D. Demands the cancellation of the illegitimate financial debts of Southern countries, most urgently for the poorest nations, as part of social and ecological compensations, not as official development assistance.
E. Recommends that WCC member churches learn from the leadership of Indigenous Peoples, women, peasant and forest communities who point to alternative ways of thinking and living within creation, especially as these societies often emphasize the value of relationships, of caring and sharing, as well as practice traditional, ecologically respectful forms of production and consumption.
F. Encourages and supports WCC member churches in their advocacy campaigns around ecological debt and climate change, mindful of the unity of God’s creation and of the need for collaborative working between Southern and Northern nations. Specifically supports the activities of churches in countries that are suffering from climate change.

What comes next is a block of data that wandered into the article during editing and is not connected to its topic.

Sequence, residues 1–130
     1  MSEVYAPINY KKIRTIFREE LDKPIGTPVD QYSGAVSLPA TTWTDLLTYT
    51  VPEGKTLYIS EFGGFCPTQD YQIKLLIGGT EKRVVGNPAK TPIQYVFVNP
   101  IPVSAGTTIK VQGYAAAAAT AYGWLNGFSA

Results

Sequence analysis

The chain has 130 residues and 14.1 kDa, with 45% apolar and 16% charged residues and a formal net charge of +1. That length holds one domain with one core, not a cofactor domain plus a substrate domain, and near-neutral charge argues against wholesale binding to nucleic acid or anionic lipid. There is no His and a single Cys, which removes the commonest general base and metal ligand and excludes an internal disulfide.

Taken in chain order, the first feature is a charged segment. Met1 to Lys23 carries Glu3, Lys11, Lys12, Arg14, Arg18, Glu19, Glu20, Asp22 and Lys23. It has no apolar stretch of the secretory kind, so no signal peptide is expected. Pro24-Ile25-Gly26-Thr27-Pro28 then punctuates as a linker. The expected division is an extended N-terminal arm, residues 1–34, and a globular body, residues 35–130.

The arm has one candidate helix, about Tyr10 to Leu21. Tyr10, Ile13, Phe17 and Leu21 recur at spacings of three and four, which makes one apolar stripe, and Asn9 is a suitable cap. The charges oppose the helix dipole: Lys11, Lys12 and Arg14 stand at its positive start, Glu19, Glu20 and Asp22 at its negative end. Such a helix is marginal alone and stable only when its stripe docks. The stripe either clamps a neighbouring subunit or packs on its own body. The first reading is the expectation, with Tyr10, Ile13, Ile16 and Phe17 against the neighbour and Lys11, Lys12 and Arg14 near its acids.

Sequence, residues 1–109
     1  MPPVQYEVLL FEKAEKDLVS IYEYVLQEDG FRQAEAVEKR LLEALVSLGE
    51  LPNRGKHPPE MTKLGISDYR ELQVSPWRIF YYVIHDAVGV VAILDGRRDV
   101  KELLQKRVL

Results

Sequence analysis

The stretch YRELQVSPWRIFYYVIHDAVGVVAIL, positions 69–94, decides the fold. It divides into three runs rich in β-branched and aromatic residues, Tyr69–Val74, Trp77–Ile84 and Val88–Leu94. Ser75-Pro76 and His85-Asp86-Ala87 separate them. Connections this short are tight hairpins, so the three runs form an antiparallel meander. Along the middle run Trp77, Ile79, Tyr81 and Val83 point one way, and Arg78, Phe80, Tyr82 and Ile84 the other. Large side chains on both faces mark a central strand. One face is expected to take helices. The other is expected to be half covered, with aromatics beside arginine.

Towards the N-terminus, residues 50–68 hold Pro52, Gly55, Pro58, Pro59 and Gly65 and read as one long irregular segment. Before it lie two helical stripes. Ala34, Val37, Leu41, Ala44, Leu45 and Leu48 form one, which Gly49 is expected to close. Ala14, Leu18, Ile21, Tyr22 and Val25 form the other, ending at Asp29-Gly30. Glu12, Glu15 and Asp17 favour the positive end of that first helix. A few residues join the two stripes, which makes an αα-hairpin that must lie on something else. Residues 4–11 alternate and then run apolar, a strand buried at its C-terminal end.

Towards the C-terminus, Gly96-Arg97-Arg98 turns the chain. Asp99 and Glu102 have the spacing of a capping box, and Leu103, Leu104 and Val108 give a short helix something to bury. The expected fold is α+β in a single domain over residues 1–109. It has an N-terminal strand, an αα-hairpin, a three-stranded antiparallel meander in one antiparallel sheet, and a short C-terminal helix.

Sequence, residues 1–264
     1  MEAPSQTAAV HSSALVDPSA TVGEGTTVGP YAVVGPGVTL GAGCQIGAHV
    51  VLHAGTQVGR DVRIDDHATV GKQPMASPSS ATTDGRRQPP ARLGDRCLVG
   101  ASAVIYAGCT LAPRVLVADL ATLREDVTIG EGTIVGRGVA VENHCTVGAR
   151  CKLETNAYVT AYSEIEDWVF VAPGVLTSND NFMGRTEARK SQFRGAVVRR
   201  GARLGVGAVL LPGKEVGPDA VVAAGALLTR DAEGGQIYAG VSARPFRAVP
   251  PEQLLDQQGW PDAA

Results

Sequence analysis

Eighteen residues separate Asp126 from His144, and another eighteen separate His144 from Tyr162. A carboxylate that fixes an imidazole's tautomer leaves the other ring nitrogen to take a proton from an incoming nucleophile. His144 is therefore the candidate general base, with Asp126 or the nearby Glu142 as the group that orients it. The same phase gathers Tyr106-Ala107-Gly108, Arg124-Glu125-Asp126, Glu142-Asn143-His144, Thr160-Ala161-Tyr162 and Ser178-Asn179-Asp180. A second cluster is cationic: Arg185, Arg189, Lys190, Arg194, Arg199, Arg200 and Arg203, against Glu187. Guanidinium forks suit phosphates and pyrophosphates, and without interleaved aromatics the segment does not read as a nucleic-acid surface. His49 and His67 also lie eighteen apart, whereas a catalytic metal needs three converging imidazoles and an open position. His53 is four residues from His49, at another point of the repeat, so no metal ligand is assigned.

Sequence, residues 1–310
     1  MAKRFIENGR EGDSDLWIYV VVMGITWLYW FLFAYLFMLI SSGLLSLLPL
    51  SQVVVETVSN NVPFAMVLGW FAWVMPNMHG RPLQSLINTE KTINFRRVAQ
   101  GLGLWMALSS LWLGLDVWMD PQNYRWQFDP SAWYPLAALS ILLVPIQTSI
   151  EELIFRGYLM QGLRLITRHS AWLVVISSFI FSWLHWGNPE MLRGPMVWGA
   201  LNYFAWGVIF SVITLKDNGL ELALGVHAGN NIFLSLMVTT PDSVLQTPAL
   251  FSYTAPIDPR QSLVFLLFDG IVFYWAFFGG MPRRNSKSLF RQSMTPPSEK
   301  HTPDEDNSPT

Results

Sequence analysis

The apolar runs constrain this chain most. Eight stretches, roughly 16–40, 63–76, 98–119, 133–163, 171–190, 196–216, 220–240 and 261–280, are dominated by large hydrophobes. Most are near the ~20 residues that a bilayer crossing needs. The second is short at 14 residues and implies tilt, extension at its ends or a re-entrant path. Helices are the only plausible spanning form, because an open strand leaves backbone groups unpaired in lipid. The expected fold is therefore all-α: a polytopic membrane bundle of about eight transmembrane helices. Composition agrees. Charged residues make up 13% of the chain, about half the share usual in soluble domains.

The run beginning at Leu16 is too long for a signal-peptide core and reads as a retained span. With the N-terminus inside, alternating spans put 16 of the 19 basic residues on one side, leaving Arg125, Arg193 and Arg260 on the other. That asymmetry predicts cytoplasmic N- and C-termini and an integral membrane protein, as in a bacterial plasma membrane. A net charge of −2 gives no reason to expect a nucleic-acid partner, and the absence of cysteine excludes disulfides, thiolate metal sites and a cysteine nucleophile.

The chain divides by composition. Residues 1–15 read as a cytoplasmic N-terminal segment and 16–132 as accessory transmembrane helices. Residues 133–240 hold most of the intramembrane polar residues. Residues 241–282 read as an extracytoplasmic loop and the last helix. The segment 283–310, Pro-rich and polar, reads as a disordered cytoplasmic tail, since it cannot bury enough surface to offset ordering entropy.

G. Calls for continued awareness-building and theological reflection among congregations and seminary students on a new cosmological vision of life, eco-justice and ecological debt through study and action, deeper ecumenical and inter-faith formation, and through the production and dissemination of relevant theological and biblical study materials.
H. Urges WCC member churches and church institutions to conduct ecological debt audits in partnership with civil society, including self-assessment of their own consumption patterns. Specifically, the WCC should establish a mechanism to provide for recompense of ecological debt incurred by its gatherings, and to collect positive examples of ecological debt recognition, prevention, mitigation, compensation, reparation and restitution in partnership with civil society groups and movements.